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ICS Training

Tags: disaster response

What is ICS?

  • Used for all kinds of incidents, applicable for all events, not only just for emergencies
  • Establishes common processes for incident level planning
  • Used to manage any type of incident

ICS (IS-100)

  • National Incident Management System

    • Gives a unified chain of command
    • Managable span of control
    • Establishes common terminology

Incident Action Planning

Managable Span of Control

  • Refers to number of individuals that one supervisor can manage effectively during an incidient

Comprehensive Resource Management

Entails:

  • Resource identification
  • Qualification and certification of personnel
  • Planning for resources
  • Acquiring, storing, and inventorying resources

Establishment and Trasnfer of the Chain of Command

  • Command function should always be established at the beginning of an incident
  • Transferring command during incidient should include a briefing that captures all essential information
  • Unified Command

    • Established when there are multiple agencies, where no single jurisdiction exists that has the authority to manage the incident on its own
  • Chain of command

    • Allows incident comander to direct and control the actions to avoid the incident
      • Q-> snafucatchers?
    • Avoids confusion by requiring that orders flow from supervisors
  • Unity of command

    • Refers to overall hierarchy of organizational command
    • Each person
      • Reports to one ICS supervisor
      • Recieve work assignments only from the ICS supervisor
    • Prevents confusion based on titles

Accountability

Multiple principles

  • Checkin/checkout
  • Incident Action Planning
  • Unity of command
  • Personal responsibility
  • Span of control
  • Resource tracking

Five Major ICS functional areas

  • Command
    • Sets incident objectives, strategies, and priorities
  • Operations
    • Conducts operations to reach incident objectives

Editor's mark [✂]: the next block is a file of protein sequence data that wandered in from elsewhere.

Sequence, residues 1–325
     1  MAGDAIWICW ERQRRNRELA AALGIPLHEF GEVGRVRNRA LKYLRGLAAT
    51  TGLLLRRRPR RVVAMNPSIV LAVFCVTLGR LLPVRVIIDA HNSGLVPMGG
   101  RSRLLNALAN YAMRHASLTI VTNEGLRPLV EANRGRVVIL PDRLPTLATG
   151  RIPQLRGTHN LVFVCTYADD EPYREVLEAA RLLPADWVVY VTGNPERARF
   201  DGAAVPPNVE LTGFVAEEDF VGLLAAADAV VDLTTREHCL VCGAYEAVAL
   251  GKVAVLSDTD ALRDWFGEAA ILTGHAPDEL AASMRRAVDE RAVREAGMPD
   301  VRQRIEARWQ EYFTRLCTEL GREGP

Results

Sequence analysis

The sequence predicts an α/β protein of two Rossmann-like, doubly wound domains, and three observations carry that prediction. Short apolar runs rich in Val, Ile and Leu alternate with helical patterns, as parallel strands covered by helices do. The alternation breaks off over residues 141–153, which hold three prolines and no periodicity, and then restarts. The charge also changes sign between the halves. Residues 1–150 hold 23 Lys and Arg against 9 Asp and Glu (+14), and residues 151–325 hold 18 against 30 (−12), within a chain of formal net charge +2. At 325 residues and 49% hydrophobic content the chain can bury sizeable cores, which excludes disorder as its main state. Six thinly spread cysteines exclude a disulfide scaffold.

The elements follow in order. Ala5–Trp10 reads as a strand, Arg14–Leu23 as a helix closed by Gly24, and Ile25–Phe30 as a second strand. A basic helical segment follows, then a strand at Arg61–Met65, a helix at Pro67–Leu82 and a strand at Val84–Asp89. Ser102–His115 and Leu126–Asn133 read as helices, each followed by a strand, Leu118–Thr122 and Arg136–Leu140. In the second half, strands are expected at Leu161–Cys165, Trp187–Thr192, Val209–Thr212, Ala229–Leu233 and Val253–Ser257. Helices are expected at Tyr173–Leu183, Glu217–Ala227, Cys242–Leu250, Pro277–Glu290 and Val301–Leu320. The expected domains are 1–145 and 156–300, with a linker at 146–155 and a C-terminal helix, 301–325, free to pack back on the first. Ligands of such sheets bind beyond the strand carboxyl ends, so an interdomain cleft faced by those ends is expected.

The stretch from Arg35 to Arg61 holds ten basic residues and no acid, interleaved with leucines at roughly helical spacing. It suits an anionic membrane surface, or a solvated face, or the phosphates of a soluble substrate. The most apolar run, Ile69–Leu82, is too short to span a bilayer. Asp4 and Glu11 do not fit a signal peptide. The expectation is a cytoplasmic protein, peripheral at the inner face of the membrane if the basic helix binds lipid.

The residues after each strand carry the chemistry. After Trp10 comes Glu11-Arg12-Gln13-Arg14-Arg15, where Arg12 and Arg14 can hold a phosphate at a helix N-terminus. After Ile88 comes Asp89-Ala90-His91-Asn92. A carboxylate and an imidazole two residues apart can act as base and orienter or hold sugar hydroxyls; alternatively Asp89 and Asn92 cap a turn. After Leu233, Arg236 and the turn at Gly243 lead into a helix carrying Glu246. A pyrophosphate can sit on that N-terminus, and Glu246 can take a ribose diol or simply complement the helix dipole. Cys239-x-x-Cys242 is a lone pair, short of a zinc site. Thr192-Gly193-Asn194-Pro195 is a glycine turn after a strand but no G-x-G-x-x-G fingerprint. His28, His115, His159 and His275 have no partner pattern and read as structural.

• Planning
    • Support by tracking resources, collecting/analyzing info, maintaining documentation
  • Logistics
    • Arranges for resources and needed services to support achievement of the incident objectives
  • Finance/Administration
    • Monitors costs related to the incident
  • Intelligence/Investigations
    • 6th ICS function
      • Used only for intensive intelligence gathering or investigative activity

Incident Command

  • Act of directing, ordering, or controlling the incident response
    • ICS uses an incident commander, who has the authoirty to establish objectives, make assignments, and order resources
      • Always staffed in ICS applications
  • Responsible for
    • Ensuring overall incident safety
    • Providing information services
    • Establishing and maintaining liasons
  • May assign deputies that can fully take over the role
  • Should be clearly established at the beginning of an incident
  • Modular, IC should be able to assume other roles
  • Depending on size, 3 additional roles may include
    • Public Information Officer
      • Interfaces with public/media and other agencies
    • Safety Officer
      • Monitors incident operations and advises the IC on all matters relatin g to safety
    • Liaison Officer
      • Serves at the incident commander’s point of contact for representitives of gov agencies

Incident Coordination

  • Ensure that ICS organization receives the info, resources, and support needed
    • Establishing policy based on interactions with agencies and other stakeholders
    • Collect, analyzing, and disseminating information to support establisment of shared situational awareness
    • Establishes priorities among incidents
    • Resolving critical resource issues
    • Facilitating logistics support & resource tracking
    • Synchronizing public information messages
  • Emergency Operations Center

    • EOC’s
    • Physical or virtual location where staff come together to address threats and hazards
    • Staffed with personnel trained for, or authorized to, represent their agency/discipline
    • Equipped with mechanisms for communicating with the incident site
    • Providing support to the incident by obtaining resources
    • Applicable at different levels of gov
  • Joint Information Center

    • JIC
    • Established to coordinate all incident-related public information activities

General Staff Roles

  • May establish 4 additional sections (ops, planning, logistics, finance/admin)